29 July, 2002
Today has been an eventful day for me as I have talked with each member of the science service team. What an interesting group of people! Before I tell you a little bit about each of them and their work, let me tell you about two other exciting things that happened. One was on a rather large scale as someone noticed that the ice flow that the service team was trying to direct away from the CTD contained huge polar bear tracks! You could actually track the bearís movements from one end of the ice to the other. I'll try to post the picture, but I think you'll have to work hard to see the tracks when itís that small. The other exciting biological event took place on a different scale. Do you remember Carin's work with grazing and egg production rates of copepods? Today, as she was observing one on her screen, it began laying eggs!! Everyone in the lab, even the chemists, watched as she produced a cluster of misshapen eggs. After a short period of time, the eggs will become round and, in about eight days, they will hatch.
I've already told you about Lou Codispoti (the journal for the 29th will be fixed soon), the science service team leader. Now let me tell you about the other members of this eight person team. Kristin Sanborn is a supervisor at the Oceanographic Data Facility of the Scripps Institution of Oceanography in California, and she is in charge of the service team on this cruise from midnight to noon each day. Her team at the Oceanographic Data Facility does electronics, chemistry, and deep ocean CTD processing using WOCE (World Ocean Circulation Experiment) standards for accuracy and precision of data. Members of her team are available to go wherever there is ocean research going on. On this cruise, Kristin is primarily responsible for processing the data from the CTD casts. As a result, she spends most of her time at her computer.
Carny Cheng is also working with the group from Scripps although he is currently an undergraduate student majoring in computer engineering at the University of California, San Diego. His job on this cruise is to prepare the CTD and to sample and analyze the CTD water for dissolved oxygen.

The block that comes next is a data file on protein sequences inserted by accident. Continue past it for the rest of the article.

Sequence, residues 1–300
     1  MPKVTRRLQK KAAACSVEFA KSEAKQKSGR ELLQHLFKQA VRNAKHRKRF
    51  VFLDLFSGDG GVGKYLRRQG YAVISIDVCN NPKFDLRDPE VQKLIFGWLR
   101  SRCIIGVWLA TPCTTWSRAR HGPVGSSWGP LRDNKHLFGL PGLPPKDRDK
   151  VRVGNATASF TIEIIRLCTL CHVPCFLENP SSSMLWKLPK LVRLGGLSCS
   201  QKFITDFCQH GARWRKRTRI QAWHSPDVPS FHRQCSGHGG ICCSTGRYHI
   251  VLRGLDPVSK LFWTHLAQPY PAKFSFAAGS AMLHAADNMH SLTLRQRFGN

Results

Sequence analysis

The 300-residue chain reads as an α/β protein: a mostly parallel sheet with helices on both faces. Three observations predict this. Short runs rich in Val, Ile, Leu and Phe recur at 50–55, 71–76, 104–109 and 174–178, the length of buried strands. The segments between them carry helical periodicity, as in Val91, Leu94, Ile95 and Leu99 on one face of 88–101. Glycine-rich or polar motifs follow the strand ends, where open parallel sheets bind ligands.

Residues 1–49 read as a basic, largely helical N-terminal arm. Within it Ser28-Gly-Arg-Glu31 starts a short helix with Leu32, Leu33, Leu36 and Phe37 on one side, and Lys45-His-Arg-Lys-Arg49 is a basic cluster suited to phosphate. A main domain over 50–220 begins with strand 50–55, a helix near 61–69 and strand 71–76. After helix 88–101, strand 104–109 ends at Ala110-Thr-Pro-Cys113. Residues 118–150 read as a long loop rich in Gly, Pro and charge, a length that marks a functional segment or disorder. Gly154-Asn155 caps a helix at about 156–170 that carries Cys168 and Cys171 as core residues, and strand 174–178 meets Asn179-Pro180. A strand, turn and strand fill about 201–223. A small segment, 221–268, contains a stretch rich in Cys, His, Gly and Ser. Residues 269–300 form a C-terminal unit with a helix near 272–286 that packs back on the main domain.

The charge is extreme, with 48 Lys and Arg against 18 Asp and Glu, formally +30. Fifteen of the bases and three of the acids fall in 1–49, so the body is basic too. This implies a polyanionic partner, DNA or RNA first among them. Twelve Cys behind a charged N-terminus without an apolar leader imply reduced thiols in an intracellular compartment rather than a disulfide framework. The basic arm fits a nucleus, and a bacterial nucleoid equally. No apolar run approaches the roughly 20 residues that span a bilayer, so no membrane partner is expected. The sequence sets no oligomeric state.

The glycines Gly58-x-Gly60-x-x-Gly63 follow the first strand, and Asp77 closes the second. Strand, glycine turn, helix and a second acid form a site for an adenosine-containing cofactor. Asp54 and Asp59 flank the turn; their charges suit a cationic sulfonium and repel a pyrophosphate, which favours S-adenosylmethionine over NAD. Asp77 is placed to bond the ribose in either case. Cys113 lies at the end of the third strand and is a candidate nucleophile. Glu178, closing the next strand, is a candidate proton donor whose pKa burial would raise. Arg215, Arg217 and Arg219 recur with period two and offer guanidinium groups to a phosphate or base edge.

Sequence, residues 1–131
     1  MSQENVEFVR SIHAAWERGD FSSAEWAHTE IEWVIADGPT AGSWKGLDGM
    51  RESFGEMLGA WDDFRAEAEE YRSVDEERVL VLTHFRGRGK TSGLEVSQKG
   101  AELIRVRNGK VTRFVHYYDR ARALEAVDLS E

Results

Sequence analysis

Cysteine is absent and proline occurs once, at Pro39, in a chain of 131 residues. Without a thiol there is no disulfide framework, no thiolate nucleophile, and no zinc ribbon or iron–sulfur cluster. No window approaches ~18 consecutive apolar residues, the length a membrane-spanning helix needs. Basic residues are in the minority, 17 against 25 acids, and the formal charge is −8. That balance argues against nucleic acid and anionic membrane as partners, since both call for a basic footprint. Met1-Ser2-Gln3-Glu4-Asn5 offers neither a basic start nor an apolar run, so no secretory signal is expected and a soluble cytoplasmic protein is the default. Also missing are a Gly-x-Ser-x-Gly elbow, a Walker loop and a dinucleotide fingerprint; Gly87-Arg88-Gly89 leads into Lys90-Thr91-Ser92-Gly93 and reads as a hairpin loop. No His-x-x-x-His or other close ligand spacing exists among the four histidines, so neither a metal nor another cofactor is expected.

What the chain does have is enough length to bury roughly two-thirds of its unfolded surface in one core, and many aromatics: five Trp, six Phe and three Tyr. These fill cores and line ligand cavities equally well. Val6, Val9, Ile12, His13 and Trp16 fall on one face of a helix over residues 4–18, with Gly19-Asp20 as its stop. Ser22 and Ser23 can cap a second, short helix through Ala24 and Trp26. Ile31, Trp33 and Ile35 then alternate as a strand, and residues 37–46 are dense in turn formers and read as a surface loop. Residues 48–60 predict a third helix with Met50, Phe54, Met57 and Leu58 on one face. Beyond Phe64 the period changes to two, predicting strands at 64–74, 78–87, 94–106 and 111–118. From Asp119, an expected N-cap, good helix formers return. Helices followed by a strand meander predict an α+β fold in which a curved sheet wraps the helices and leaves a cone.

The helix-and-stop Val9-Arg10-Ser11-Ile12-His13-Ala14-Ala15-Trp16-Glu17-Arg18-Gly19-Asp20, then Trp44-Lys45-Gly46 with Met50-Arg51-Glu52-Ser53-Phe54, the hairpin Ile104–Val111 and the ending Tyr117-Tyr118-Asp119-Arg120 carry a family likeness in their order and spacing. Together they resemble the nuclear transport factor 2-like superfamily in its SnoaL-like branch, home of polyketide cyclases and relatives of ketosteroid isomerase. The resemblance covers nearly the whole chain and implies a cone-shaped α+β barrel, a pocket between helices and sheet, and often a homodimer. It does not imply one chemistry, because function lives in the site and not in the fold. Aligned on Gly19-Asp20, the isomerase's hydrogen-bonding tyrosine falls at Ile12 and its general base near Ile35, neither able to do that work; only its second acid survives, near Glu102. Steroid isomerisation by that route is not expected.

Another member of the Scripps team that is here is Doug Masten. When not working on a cruise, Doug is the manager of the chemistry lab at the Oceanographic Data Facility. Every time a service cast comes up, Doug collects water from every bottle (different depths) for nutrient analysis (phosphate, silicate, nitrate, ammonium, urea, and nitrite). This is important because, as Doug said, the nutrients in the water are like fertilizer in your garden, and the scientists want to know whatís available at different depths and at different stations. Dougís work takes him out on three ñ four cruises each year; he is sometimes gone for six months during the year. In addition, he told me it might take up to two months just to prepare for a cruise.
The final member of the Scripps team on our cruise is Rob Palomares, the CTD/bottle rosette technician on board. Rob is responsible for, as he puts it, the "care and feeding of the rosette." Any maintenance that must be done, whether it be the bottles, the computer, or the rosette itself, Rob will work on it. He also draws samples to run through the salinometer to analyze for salt in the water. At Scripps, he is a senior electronics technician.
Dean Stockwell who is on the research faculty of the University of Alaska, Fairbanks, is the phytoplankton man on board. He does a chlorophyll analysis from each shallow CTD cast and from each productivity cast, His work gives us an idea of how the phytoplankton are distributed throughout the water column (different depths). Remember that the phytoplankton are the producers of the oceans. They use sunlight to turn the carbon of CO2 into a form that animals can use. They are obviously a critical part of the carbon cycle! Another piece of Deanís work is looking at diatoms (a type of phytoplankton) in the sediments (muds at the bottom). He can separate the chlorophyll from living phytoplankton from the chlorophyll that comes from dead phytoplankton (phaeochlorophyll) to get an idea of how many phytoplankton die and fall to the bottom. He can also use this analysis to get an idea of the geological history of the sediments.
Emily Cooper, like Carny, is on her first trip above the Arctic Circle.. She is a faculty research assistant at the University of Maryland. She does the same work that Doug Masten does (nutrient analysis with the auto analyzer) although she does it on a different shift. She was a biology major with a concentration in environmental science as an undergraduate.
John Gunn monitors the ADCP, the Acoustic Doppler Current Profiler, and also helps with the CTD. There are two transducers on the bottom of the ship that send pings into the water at the rate of 1/second. A computer program has been set up to listen for the return echoes and to measure all the components of velocity in order to calculate the speed of the currents beneath the ship. Johnís job is to monitor the equipment, do the final corrections for the turns made by the ship, and arrive at a corrected velocity. John is a physical oceanographer who works for the Earth and Space Research Facility in Seattle, Washington.
This is a highly skilled and extremely important group of people! They work around the clock to provide the most current data possible to the scientists who are conducting their individual research.
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